0
   

bust moves to hip-hop music

 
 
Adverb
 
Reply Fri 23 Jul, 2010 09:10 pm
Hello
Could anyone help me?
What does"bust" mean in this phrase?
  • Topic Stats
  • Top Replies
  • Link to this Topic
Type: Question • Score: 0 • Views: 1,261 • Replies: 17
No top replies

 
JTT
 
  1  
Reply Fri 23 Jul, 2010 09:50 pm
@Adverb,
Definitely need more context, A.
0 Replies
 
contrex
 
  1  
Reply Sat 24 Jul, 2010 12:46 am
Performing a dance movement is called "busting a move" by a certain segment of US English demotic speakers, mainly black (and white college kids) I think.

Joe Nation
 
  2  
Reply Sat 24 Jul, 2010 10:23 am
@contrex,
demotic (?)

Joe(what you talkin' about, Willis?)Nation
JTT
 
  1  
Reply Sat 24 Jul, 2010 10:29 am
@Joe Nation,
It just means 'popular' or 'common' speech, Joe. There's nothing bad about it. It's groovy.
0 Replies
 
tsarstepan
 
  1  
Reply Sat 24 Jul, 2010 10:59 am
@Joe Nation,
Yep. It's idiomatic or slang speak.
0 Replies
 
contrex
 
  0  
Reply Sat 24 Jul, 2010 12:34 pm
@Joe Nation,
Joe Nation wrote:

demotic (?)

Joe(what you talkin' about, Willis?)Nation


Don't they have Google down your way? (or dictionaries?)

de·motic (dē mät′ik)

adjective

1. of the people; popular; specif., vernacular (sense )
2. in or of idiomatic, colloquial, everyday language: a novelist with a good ear for demotic dialogue


Origin: ML demoticus < Gr dēmotikos < dēmotes, one of the people
JTT
 
  1  
Reply Sat 24 Jul, 2010 12:46 pm
@contrex,
I think that it was covered adequately, Contrex.

The same or similar questions could, many times, be asked of you, an English teacher of what is it, 30 some years?

Don't you have a grammar book down your way?
contrex
 
  1  
Reply Sat 24 Jul, 2010 01:06 pm
@JTT,
JTT wrote:

Don't you have a grammar book down your way?


In what connection do you ask this?

JTT
 
  1  
Reply Sat 24 Jul, 2010 01:10 pm
@contrex,
In connection to the more than rare occasion where you made mistakes on the grammar of English.
contrex
 
  1  
Reply Sat 24 Jul, 2010 01:44 pm
@JTT,
JTT wrote:

In connection to the more than rare occasion where you made mistakes on the grammar of English.


Yes, yes, I daresay (he said impatiently) but let's see some examples. THat's what I meant. Otherwise you're just farting smells out your ass (that's demotic). By the way, your post I quoted above has more than one error.

McTag
 
  1  
Reply Sat 24 Jul, 2010 01:45 pm

You mean mistakes in the grammar?

Quote:
mistakes on the grammar of English.


Gee whillikins, what an infelicitous phrase.
0 Replies
 
JTT
 
  1  
Reply Sat 24 Jul, 2010 01:59 pm
@contrex,
Quote:
Otherwise you're just farting smells out your ass (that's demotic).


Why not start with your observation that farting smells out your ass is demotic?

================

Google exact phrase search - English, no region specified

No results found for "farting smells out your ass".

-----------------------

Google exact phrase search - UK region only

No results found for "farting smells out your ass".

-------------------------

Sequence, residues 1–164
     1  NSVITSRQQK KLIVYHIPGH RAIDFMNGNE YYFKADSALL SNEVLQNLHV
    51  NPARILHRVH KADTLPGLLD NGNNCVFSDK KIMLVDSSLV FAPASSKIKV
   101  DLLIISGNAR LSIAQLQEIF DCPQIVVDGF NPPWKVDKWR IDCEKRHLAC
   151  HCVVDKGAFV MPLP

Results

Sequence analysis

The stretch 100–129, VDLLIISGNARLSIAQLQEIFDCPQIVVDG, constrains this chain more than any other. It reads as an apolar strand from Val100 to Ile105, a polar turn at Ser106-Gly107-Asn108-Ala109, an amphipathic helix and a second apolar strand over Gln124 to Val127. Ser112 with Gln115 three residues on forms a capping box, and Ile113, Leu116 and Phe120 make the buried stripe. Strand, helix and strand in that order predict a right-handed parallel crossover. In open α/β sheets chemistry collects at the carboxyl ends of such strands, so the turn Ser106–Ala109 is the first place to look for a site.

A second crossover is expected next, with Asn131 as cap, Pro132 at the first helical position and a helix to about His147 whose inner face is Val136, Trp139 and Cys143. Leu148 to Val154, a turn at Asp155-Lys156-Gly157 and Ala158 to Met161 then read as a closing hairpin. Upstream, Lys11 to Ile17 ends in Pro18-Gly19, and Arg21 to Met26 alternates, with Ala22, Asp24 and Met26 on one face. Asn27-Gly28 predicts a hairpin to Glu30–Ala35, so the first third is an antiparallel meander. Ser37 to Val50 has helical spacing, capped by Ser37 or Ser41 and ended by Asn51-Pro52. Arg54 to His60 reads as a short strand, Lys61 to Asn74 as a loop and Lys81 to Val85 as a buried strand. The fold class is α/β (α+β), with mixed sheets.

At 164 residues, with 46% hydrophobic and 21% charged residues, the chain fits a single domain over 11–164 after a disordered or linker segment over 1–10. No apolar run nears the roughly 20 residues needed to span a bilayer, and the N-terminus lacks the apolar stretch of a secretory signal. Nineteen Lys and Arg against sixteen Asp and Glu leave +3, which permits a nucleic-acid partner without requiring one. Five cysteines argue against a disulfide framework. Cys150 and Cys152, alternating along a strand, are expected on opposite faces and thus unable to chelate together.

Google exact phrase search - US region only

No results found for "farting smells out your ass".

---------------

Google exact phrase search - Australia region only

No results found for "farting smells out your ass".

----------------

Possibly, you meant that it was demotic in New Zealand, or maybe, in your immediate family.

0 Replies
 
contrex
 
  1  
Reply Sat 24 Jul, 2010 02:02 pm
Once again JTT reveals what a pathetic dick he is.
JTT
 
  1  
Reply Sat 24 Jul, 2010 02:14 pm
@contrex,
That doesn't explain how you can contend that that phrase is in any way, demotic, Contrex.

Nor does it explain the "more than one errors" in my previous post.
contrex
 
  1  
Reply Sat 24 Jul, 2010 02:31 pm
@JTT,
JTT wrote:

That doesn't explain how you can contend that that phrase is in any way, demotic, Contrex.

Nor does it explain the "more than one errors" in my previous post.


Your stupidity explains the errors in your previous post.
JTT
 
  1  
Reply Sat 24 Jul, 2010 02:53 pm
@contrex,
Hmmm, an English teacher of how many years again, Contrex? For a "teacher", you have an awfully funny way of explaining your ideas on language.

Let me suggest that a teacher shouldn't use big words, like 'demotic', when that teacher doesn't have a decent grasp of the meaning of such words.

Let me also suggest that if a teacher of 35 years hasn't brought himself up to speed on the grammar of the target language, perhaps it's time to consider retirement or maybe alternate work, something that better reflects your abilities.
contrex
 
  1  
Reply Sat 24 Jul, 2010 03:24 pm
@JTT,
JTT wrote:

Hmmm, an English teacher of how many years again, Contrex? For a "teacher", you have an awfully funny way of explaining your ideas on language.


1. I'm retired now: I can do what I like.

Quote:
Let me suggest that a teacher shouldn't use big words, like 'demotic', when that teacher doesn't have a decent grasp of the meaning of such words.


How is my grasp deficient?

Quote:
Let me also suggest that if a teacher of 35 years hasn't brought himself up to speed on the grammar of the target language, perhaps it's time to consider retirement or maybe alternate work, something that better reflects your abilities.


Like I'd take your career advice, dimbulb.
0 Replies
 
 

Related Topics

deal - Question by WBYeats
Drs. = female doctor? - Question by oristarA
Let pupils abandon spelling rules, says academic - Discussion by Robert Gentel
Please, I need help. - Question by imsak
Is this sentence grammatically correct? - Question by Sydney-Strock
"come from" - Question by mcook
 
  1. Forums
  2. » bust moves to hip-hop music
Copyright © 2021 MadLab, LLC :: Terms of Service :: Privacy Policy :: Page generated in 0.03 seconds on 10/17/2021 at 06:08:24